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Dunedin residents asked to continue to conserve water following fire

Fuseworks Media
Fuseworks Media

Dunedin’s Deep Creek catchment appears to have escaped the weekend’s fire, but residents are being asked to continue to limit their water use.

Mayor of Dunedin Aaron Hawkins says, "Thanks to the great efforts of Fire and Emergency personnel, and the very welcome rain, we can be pretty confident one of Dunedin’s key water catchments - Deep Creek - is unaffected by the major fire in the Lammerlaw ranges.

"We should have formal confirmation of this tomorrow and then we can resume taking water from Deep Creek. This means we can continue to supply safe drinking water to all Dunedin residents.

"However, we are still asking residents to voluntarily conserve water while we assess the implications for supply in the medium term. At this stage, it seems likely voluntary restrictions will remain in place over the summer. We may have to consider more formal restrictions based on the weather and water use over coming months."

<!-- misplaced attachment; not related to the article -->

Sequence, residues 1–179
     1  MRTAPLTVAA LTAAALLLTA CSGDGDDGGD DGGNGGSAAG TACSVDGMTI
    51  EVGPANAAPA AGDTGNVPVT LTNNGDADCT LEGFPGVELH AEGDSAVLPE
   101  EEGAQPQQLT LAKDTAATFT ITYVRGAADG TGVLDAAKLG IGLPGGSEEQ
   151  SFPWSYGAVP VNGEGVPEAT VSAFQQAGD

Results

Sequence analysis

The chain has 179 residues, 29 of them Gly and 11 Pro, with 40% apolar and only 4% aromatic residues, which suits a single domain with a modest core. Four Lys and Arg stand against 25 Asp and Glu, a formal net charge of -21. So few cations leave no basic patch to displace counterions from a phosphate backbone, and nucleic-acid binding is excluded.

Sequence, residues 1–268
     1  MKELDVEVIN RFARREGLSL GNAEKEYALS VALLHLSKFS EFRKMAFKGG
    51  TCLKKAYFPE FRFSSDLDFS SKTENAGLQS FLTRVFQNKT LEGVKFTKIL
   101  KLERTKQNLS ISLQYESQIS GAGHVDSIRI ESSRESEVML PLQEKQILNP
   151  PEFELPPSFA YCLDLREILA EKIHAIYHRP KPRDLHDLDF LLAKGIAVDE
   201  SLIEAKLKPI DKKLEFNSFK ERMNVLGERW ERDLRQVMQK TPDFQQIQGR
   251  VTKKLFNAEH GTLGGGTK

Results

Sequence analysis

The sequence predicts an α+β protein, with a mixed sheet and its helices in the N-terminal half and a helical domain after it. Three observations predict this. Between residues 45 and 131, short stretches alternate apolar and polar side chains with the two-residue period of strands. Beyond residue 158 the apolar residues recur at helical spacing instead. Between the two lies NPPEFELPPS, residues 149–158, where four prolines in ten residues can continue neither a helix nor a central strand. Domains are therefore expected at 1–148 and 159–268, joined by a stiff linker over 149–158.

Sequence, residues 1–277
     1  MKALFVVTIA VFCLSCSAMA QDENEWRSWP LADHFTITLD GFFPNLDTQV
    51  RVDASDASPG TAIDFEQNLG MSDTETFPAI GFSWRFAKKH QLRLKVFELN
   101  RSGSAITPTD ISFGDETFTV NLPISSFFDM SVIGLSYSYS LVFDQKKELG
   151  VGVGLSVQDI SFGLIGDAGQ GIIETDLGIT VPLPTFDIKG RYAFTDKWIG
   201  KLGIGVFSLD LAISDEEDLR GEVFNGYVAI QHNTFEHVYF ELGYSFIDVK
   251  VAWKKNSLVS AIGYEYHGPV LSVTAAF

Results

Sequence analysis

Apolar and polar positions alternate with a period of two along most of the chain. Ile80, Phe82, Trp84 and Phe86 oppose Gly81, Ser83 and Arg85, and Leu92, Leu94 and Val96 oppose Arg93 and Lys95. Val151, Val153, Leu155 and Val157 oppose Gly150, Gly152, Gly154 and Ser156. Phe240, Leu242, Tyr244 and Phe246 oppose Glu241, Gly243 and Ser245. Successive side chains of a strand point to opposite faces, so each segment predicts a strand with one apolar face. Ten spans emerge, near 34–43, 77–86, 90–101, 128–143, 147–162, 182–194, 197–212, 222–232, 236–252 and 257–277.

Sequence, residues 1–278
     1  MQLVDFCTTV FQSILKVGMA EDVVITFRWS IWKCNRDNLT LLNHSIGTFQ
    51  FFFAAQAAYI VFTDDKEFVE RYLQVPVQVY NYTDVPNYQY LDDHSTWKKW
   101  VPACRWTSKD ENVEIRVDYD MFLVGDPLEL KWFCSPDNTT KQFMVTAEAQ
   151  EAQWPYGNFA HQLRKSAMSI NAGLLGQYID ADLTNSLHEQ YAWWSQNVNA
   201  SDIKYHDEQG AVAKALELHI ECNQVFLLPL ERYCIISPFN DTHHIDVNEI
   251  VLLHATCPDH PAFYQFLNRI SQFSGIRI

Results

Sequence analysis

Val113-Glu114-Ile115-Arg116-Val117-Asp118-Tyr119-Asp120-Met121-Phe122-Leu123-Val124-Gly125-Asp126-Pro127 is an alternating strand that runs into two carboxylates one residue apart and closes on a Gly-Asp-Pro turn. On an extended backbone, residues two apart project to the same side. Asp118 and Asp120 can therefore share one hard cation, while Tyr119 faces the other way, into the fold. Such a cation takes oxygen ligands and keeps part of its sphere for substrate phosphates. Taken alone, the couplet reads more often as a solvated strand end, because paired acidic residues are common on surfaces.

Dunedin City Council Group Manager 3 Waters Tom Dyer says the city’s primary source of water is the Deep Stream catchment and it’s out of action because of the fire and will remain so for the next three months to a year.

Dunedin has multiple sources of water, but Deep Stream and Deep Creek are strategically important to the city as they can supply all suburbs. DCC staff are assessing the best ways to manage the city’s overall water supply in the medium term.

The fire burnt through about 75% of the Deep Stream catchment (approx. 3500ha), meaning water can’t be taken because it will be contaminated by ash and a small amount of fire suppressant chemical.

The city’s usual water use is about 44,000cu m a day. This can continue to be met from a range of treated water sources.

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